Free period products will now be available at foodbanks and youth centres around the island as the Government expands its pilot scheme.
Launched in October 2022, the pilot scheme made period products available at the town and Communicare libraries, Les Quennevais Sports Centre, Fort Regent, and the Customer and Local Services hub in La Motte Street.
The scheme has now been expanded to include further venues, and islanders will be able to access products from the Shelter Trust, St Vincent de Paul and Salvation Army foodbanks, the Youth Enquiry Service, and St James' Centre.
Students remain able to access free period products in their school or college during term time.
The expansion of the pilot scheme forms part of an initiative that was a "key commitment" of Chief Minister Kristina Moore's 100 Day Action Plan.
Pictured: Kristina Moore initially fronted a proposition to remove GST from period products in 2022, but decided to deliver on the overall goal of her proposal in a different way after becoming Chief Minister.
Last year, the States Assembly voted in favour of a proposal from then-Senator Kristina Moore to scrap the so-called 'tampon tax' by removing the GST from period products.
However, after becoming Chief Minister, Deputy Moore decided to deliver on the overall goal of her proposal in a different way – by placing free period products in various locations around the island.
When Chief Scrutineer Sam Mézec challenged the Chief Minister on the apparent lack of progress on the GST removal, Deputy Moore argued the free products scheme meant "the intention of my proposition has therefore been achieved and exceeded."
Pictured: Deputy Millar said "no one should feel embarrassed or feel they are unable to go to school or work because they do not have the period products they need".
The £600,000 scheme to provide free period products was approved as part of the Government's emergency mini-budget to tackle the cost-of-living crisis. It aims to address period poverty, ensure period dignity, and remove stigma around the subject of periods.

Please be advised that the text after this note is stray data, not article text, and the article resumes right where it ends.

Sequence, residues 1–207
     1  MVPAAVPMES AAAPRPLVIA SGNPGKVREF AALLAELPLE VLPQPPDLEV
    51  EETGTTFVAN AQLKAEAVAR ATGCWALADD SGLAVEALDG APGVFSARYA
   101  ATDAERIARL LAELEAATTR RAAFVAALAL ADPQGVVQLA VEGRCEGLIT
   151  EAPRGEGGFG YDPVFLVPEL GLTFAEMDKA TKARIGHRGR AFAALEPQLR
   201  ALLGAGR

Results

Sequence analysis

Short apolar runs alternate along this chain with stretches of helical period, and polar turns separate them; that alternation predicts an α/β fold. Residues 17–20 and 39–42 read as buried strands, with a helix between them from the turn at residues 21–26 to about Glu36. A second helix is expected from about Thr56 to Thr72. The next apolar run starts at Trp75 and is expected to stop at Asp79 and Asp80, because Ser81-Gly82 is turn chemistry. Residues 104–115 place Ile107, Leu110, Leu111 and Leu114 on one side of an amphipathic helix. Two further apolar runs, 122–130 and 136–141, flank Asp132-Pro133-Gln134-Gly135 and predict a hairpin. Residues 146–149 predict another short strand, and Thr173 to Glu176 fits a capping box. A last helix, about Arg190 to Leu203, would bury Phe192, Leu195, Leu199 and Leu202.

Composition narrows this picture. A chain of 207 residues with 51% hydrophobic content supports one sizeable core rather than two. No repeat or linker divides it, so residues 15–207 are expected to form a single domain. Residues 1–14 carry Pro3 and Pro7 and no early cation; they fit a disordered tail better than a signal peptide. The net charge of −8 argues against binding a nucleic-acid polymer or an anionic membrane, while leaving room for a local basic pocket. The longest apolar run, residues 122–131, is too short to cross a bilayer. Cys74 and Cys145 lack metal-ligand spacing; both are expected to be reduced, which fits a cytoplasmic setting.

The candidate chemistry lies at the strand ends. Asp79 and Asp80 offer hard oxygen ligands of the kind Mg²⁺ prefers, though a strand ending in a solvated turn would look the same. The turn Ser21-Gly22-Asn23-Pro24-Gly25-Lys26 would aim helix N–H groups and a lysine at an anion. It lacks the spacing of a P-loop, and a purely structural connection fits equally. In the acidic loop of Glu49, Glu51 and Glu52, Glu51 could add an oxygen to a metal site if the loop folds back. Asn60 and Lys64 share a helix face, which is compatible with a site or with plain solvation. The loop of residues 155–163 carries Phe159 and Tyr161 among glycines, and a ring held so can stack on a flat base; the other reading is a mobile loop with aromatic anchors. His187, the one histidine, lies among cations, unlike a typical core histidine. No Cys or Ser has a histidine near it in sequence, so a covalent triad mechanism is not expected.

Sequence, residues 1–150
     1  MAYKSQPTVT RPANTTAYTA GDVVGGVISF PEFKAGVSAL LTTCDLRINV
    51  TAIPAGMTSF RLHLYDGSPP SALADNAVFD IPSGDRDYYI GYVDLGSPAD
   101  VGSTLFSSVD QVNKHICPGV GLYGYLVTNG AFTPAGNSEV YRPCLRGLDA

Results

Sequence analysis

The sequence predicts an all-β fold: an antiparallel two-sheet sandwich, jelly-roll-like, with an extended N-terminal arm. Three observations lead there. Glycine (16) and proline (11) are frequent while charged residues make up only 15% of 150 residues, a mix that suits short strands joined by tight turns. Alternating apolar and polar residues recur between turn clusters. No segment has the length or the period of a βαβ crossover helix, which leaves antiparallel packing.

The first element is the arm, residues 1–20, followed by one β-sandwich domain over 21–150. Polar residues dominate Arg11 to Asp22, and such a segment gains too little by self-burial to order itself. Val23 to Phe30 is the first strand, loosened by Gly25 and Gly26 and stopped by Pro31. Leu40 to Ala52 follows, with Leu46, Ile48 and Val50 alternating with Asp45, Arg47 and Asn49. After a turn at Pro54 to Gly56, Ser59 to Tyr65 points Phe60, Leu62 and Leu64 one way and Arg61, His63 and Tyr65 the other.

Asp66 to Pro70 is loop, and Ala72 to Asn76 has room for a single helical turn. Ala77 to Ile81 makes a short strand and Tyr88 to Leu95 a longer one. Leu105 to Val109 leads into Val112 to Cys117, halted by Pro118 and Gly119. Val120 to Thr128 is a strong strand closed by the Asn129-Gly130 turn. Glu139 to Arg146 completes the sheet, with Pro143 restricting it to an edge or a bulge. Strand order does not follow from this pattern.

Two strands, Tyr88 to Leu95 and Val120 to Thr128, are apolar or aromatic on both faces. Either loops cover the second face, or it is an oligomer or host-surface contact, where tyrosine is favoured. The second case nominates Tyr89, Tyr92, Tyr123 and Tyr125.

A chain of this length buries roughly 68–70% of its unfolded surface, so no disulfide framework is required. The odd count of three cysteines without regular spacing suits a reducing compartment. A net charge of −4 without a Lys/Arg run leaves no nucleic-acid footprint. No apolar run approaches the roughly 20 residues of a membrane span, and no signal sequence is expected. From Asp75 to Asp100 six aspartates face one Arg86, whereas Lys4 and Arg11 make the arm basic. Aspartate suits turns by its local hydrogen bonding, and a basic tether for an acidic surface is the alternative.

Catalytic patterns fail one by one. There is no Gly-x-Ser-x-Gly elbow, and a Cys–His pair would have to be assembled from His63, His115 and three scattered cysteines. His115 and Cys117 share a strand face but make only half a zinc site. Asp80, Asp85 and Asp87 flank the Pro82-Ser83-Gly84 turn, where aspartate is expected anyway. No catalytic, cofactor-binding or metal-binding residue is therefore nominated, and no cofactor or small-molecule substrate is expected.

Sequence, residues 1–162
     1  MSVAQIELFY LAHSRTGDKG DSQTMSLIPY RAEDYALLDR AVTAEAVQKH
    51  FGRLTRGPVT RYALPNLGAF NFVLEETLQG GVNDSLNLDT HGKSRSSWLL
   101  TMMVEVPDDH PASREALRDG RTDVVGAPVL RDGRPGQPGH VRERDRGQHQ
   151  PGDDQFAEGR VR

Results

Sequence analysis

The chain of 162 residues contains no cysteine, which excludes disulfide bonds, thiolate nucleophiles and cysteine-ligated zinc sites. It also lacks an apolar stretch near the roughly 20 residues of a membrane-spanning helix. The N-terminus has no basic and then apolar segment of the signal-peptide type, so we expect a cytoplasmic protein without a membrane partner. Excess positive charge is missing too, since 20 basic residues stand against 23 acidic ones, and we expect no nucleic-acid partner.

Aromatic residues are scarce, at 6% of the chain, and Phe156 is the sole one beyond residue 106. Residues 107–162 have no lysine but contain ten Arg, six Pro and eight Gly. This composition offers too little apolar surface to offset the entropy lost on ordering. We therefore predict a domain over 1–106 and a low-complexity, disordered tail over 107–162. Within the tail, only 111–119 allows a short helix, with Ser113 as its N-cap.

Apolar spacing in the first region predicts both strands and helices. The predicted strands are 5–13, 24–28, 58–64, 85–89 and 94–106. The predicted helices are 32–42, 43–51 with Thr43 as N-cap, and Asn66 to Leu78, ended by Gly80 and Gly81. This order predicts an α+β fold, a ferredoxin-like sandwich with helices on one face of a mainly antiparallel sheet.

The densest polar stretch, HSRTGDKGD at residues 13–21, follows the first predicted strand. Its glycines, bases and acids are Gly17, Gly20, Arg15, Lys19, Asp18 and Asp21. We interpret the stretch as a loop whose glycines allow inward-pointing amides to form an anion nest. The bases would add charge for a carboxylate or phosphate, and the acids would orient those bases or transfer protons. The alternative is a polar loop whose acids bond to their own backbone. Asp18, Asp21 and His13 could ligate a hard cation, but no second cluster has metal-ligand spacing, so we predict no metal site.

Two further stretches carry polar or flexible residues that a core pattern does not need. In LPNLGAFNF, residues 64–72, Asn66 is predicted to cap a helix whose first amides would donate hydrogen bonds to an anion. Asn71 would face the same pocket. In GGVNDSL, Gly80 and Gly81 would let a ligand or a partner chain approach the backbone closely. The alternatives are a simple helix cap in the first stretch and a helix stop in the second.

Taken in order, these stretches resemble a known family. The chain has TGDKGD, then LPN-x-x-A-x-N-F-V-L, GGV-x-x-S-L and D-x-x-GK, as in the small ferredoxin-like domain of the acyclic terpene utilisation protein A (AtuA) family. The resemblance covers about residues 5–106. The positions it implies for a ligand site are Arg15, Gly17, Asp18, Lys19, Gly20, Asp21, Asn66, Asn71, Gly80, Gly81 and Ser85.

Speaking at the scheme's launch, Social Security Minister Deputy Elaine Millar commented: "No one should feel embarrassed or feel they are unable to go to school or work because they do not have the period products they need."
However, questions were later raised over the environmental friendliness of the scheme – with Deputy Millar admitting that single-use tampons and sanitary towels containing plastic rather than sustainable alternatives were selected as they were the most "economically advantageous" option.
Deputy Millar added the type of products used in future may be tweaked depending on responses to the consultation.
For more information and to provide feedback, visit gov.je/periods.
Comments on this story express the views of the commentator only, not Bailiwick Publishing. We are unable to guarantee the accuracy of any of those comments.
Once your comment has been submitted, it won’t appear immediately. There is no need to submit it more than once. Comments are published at the discretion of Bailiwick Publishing, and will include your username.
There are no comments for this article.